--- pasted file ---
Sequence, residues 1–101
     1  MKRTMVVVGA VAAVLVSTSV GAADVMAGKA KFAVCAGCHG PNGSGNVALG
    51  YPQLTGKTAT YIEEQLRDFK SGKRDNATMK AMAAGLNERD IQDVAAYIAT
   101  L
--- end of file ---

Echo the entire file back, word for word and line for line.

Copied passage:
Sequence, residues 1–101
     1  MKRTMVVVGA VAAVLVSTSV GAADVMAGKA KFAVCAGCHG PNGSGNVALG
    51  YPQLTGKTAT YIEEQLRDFK SGKRDNATMK AMAAGLNERD IQDVAAYIAT
   101  L